Thursday, October 09, 2008

You'd never know I studied economics once

Wall_Street crisis, originally uploaded by semarlfb.

Let’s imagine there’s a world with 1 million people (easy numbers for my poor maths).

Each person has £1000 in savings and is paid £100 per annum to work for one of 100 companies. (You could make it more realistic, but the maths, the maths!)

Ten of those companies are banks.


Each company employs 10,000 people (including the bosses) and pays out £1m in wages. So has to make at least £1m a year to keep going.

It makes things that the 1 million people buy…with their £1000 savings and/or their £100 wages.

Ten companies look after all this money. £1000m in savings and £1m in current (checking) accounts. They have to take out of the system £1m to pay their staff, but of course each £100 goes into other companies – like supermarkets, car dealers etc and then ends up back in one of the ten banks.

I don’t speculate on the value of the companies – there is only so much money to go around so it’s irrelevant.

Some companies will be good at bringing in money and others will go short. The former will bank the money (or spend it) and it will still end up in a bank. Where the latter kind of company might ask to borrow it.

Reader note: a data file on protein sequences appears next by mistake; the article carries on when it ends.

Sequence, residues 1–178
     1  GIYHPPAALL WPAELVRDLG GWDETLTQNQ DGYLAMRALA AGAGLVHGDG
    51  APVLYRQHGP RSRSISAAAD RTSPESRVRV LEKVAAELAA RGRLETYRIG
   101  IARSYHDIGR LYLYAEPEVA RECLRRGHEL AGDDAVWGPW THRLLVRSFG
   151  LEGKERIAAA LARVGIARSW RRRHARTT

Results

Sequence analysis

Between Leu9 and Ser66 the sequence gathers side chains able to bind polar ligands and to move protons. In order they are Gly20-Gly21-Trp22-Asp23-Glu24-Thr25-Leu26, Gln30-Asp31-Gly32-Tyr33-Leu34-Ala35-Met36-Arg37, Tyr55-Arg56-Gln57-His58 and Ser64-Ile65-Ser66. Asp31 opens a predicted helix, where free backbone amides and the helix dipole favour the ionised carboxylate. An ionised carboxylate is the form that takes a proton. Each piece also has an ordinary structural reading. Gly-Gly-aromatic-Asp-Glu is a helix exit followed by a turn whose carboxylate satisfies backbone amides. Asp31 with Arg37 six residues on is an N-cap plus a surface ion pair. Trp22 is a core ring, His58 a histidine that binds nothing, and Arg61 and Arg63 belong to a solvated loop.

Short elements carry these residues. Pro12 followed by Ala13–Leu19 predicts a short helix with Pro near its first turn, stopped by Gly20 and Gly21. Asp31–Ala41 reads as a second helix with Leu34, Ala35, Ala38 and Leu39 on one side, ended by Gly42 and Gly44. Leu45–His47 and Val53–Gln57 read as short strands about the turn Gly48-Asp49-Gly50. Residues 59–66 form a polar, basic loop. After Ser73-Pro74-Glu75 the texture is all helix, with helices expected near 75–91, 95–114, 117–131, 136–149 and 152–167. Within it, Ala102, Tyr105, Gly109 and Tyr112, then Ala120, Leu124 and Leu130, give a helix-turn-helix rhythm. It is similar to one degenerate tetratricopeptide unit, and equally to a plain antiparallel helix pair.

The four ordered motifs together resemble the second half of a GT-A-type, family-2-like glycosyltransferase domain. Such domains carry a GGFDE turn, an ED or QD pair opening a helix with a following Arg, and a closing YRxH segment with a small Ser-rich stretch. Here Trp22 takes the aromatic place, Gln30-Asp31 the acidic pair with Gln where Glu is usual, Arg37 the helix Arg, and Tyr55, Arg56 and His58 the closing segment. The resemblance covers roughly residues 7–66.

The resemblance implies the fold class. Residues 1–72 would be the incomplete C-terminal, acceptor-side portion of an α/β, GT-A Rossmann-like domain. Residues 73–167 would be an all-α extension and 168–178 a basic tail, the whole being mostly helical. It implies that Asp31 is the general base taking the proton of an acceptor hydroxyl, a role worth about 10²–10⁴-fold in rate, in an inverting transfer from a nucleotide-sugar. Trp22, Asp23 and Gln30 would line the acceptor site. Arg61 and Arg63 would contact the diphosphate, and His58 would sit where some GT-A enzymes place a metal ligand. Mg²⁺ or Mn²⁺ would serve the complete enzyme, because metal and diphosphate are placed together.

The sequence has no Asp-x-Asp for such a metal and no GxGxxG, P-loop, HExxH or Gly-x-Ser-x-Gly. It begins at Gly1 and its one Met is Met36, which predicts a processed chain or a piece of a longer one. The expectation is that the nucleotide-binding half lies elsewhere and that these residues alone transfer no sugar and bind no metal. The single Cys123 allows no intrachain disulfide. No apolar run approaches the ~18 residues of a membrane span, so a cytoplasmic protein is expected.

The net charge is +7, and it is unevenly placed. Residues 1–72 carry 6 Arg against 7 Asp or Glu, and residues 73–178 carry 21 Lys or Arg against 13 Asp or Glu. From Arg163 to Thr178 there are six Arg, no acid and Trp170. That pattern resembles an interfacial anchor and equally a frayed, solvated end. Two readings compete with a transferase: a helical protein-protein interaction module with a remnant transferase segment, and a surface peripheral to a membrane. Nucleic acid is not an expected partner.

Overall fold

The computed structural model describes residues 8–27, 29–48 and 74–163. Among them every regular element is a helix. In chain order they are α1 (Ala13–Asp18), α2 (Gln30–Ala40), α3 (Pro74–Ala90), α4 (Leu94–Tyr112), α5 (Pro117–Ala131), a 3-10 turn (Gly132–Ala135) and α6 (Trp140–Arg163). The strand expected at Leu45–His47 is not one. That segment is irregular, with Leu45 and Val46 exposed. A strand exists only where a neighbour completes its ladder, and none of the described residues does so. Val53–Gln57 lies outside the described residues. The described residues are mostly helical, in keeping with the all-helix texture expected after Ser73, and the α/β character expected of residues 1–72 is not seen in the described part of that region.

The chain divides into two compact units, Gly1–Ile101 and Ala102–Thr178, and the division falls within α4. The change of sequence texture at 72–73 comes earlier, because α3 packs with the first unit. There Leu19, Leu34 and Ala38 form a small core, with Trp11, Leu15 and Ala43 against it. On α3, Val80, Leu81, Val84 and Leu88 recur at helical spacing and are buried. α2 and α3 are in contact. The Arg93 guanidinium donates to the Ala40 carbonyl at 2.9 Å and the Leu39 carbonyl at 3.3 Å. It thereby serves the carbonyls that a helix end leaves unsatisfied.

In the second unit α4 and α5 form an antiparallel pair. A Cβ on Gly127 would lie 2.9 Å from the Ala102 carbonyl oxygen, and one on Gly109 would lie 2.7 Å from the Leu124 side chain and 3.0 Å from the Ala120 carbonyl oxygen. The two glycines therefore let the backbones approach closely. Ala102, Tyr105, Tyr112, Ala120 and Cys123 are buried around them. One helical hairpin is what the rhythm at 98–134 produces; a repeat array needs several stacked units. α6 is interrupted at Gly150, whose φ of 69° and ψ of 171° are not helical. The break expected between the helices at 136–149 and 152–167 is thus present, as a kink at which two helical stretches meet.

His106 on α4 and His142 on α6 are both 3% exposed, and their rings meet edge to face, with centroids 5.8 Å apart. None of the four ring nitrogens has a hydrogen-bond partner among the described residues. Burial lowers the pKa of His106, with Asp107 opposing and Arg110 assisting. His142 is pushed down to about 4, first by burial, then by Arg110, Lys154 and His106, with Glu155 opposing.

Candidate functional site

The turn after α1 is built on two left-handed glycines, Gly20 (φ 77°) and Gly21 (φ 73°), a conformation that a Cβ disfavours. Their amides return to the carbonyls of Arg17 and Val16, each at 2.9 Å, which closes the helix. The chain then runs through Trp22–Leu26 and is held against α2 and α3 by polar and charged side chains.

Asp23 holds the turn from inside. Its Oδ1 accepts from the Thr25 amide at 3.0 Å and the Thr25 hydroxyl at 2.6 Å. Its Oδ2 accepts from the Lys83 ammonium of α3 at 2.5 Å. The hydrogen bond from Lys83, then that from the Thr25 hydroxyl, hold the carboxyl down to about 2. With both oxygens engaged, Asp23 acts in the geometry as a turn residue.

If they end up not being able to pay it back, they’ll go bust. But the money will still be in the system.

So, my question is this, how do they screw up?

Explanations for the hard of thinking, welcome. And feel free to elaborate on my model.

Thursday, October 02, 2008

Extremely Social Marketing

Just got back from Brighton where the first 'World Social Marketing Conference' was held at the Metropole.
I didn't see much of the sea but the event itself was fascinating for all kinds of reasons.
First of all, I met and spoke with Philip Kotler. I have to get this fact out of the way because my colleagues are all ribbing me about this. Whatever you think of the guy I can assure you he seems nice enough - even when I started telling him about my research. He stayed awake anyway.
There's no doubt that social marketing is a large and growing sector.
It's an area Nick and I are realising (slowly I know) that we are working in more often than not.
To present marketing - in our writing, consultancy or teaching - as just commercial, profit-focused is not only undesirable, it's inaccurate.
In Marketing & PR we made sure we discussed how small businesses and nonprofits could benefit from clear marketing thinking. In the forthcoming Virtually Free we likewise apply sound marketing principles to all kinds of organisations.
In any case, very few business people rush to work simply to make money.
We know that, for many of us, money is a 'hygiene factor' [it's a kind of minimum requirement] but it's not a motivator. Of course as you take hygiene factors away you can start to 'disincentivise' work. As you build up motivators, you get more and more committed and industrious.
The World Social Marketing Conference was packed with highly motivated people, marketers, from agencies, nonprofits, universities and other, hybrid, organisations.
I came away enthused. Eager to do more with the knowledge we have at PWOTG.

PS...I can't see what all the fuss was about when Philip met Philip...